It’s time for something a little bit more personal than usual – we don’t talk as much as we should about our development process. The two of us at Tea-Powered Games have a tendency to avoid spoilers of every kind, for any forms of media, if we’re in the middle of experiencing it or we think we’ll get around to it in the near future. Discussing the media we love with others is valuable and enjoyable, but we like to come to that discussion uncoloured by others’ opinions when we can (except between the two of us, but we’re married and working together so that’s bound to happen).
Hello everyone! We’ve been pretty busy in the last month or so – Dialogue launched on Steam and Flo released two free games: The Felidae Phylogenetic Tree, an interactive exploration of feline species, and The Dream Self, an entry to the 2017 Interactive Fiction Competition.
Now that all those are out in the world, we’ve been focusing on Elemental Flow’s new demo, which we’ll be showing at Adventure X. We learned a lot from watching people play the previous demo, so we’re taking everything we learned there (and adding a few other ideas) to make this new version. We’ve outlined a few of the larger changes we’re making, but do note that these might not all make it to the final game – they’re steps towards a better version of Elemental Flow!
Here at Tea-Powered Games we talk about dialogue quite often, but what is it that good dialogue could add to your game?
In the case where you use dialogue to add new kinds of play to your game, it gives players a change of pace, a new mechanic to play with, or different kinds of goals. If you tie dialogue to your game’s current mechanics, fans of those mechanics will get to interact with them more, and experience more interesting variations. More importantly, entirely new stories and games become possible when you start thinking about conversation as a part of the game rather than just more words on screen.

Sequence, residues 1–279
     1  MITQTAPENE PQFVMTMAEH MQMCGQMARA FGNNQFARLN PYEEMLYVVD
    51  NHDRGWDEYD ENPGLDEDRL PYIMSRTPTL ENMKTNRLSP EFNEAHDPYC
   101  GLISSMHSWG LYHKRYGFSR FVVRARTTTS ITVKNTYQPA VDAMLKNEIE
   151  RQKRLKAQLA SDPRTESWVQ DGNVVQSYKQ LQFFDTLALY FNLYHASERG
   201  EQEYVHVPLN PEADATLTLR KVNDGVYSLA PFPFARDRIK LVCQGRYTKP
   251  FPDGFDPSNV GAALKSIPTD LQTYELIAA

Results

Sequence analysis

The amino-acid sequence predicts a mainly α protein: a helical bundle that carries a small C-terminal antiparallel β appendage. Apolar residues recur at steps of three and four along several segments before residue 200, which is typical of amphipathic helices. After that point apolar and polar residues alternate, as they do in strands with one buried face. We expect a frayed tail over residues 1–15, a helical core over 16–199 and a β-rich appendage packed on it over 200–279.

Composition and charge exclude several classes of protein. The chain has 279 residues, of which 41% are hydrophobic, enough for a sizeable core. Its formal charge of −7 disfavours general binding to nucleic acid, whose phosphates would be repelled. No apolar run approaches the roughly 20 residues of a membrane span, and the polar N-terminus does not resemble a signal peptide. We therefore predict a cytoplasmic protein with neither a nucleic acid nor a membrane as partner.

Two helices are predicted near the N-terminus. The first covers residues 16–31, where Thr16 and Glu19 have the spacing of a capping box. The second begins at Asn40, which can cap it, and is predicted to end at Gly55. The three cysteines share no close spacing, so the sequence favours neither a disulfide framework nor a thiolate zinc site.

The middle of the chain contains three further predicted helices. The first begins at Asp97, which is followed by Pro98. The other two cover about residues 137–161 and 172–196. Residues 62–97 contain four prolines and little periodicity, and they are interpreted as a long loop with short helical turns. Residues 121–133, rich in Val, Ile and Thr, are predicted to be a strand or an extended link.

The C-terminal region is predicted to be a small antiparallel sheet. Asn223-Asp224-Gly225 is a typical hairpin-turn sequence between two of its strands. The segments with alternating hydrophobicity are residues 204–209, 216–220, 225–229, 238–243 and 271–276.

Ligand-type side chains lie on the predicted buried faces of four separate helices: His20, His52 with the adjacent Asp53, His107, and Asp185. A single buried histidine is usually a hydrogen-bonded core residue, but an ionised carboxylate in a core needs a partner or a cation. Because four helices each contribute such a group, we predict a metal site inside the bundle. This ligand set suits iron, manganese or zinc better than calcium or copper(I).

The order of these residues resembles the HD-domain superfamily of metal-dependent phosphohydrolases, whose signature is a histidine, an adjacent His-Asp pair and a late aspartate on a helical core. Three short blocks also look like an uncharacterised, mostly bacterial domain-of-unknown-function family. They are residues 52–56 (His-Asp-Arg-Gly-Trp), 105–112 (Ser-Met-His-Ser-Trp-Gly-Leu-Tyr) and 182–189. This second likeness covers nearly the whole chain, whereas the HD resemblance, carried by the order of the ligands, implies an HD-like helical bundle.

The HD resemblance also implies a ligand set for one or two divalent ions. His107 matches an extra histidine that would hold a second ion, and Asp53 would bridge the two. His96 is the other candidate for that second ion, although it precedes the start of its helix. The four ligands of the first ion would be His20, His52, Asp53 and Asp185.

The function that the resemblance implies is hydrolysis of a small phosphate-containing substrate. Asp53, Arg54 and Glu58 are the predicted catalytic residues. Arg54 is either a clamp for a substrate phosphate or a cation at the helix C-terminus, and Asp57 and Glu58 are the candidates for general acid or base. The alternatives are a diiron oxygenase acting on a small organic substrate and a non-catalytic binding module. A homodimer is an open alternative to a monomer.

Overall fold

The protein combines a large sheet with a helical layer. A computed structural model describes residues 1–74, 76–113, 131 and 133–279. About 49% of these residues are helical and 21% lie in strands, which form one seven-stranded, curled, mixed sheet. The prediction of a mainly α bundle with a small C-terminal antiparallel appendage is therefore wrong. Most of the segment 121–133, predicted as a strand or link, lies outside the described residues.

It sounds great, doesn’t it? Unfortunately, figuring out what kind of dialogue your game needs is not very straightforward.
Firstly, a bit of news: We’ve re-launched Dialogue on Steam Greenlight. We’ve had a positive response to the game from many people, but we thought we could do a better job of giving this unique take on conversations its best chance. After pulling together feedback from a variety of sources, we’re happy to present a new version of Dialogue, with a complete visual overhaul of the user interface.
In response to our Accessibility post, we received a comment about the lack of failure in Dialogue, and how that affected the game. This is something we thought about while designing Dialogue, and it seemed important enough to share these thoughts. The comment is found in the Accessibility post, but here is the part we’re responding to.
One of our goals as Tea-Powered Games has always been to make our games accessible to as many people as possible. There are many different things to consider, but we tried to ask ourselves at every junction what we could do to make our game easier to play. We’d like to share some of the decisions we think helped Dialogue’s accessibility, and (because we can always do better) some which we wished we could have made work.
In this week’s post we want to talk a bit about the process of making our game, focusing on an individual scene. Hopefully this will give you a bit of insight into the kind of process that lead to Dialogue being the game it is.
We have to start somewhere, so we’ll go from the scene outline. This is just a few sentences on what the scene itself is about and which characters are in it. It’s already been placed within the story as a whole, so you can see the conversations that happen before and after it, as well as its own relevance to the plot as a whole.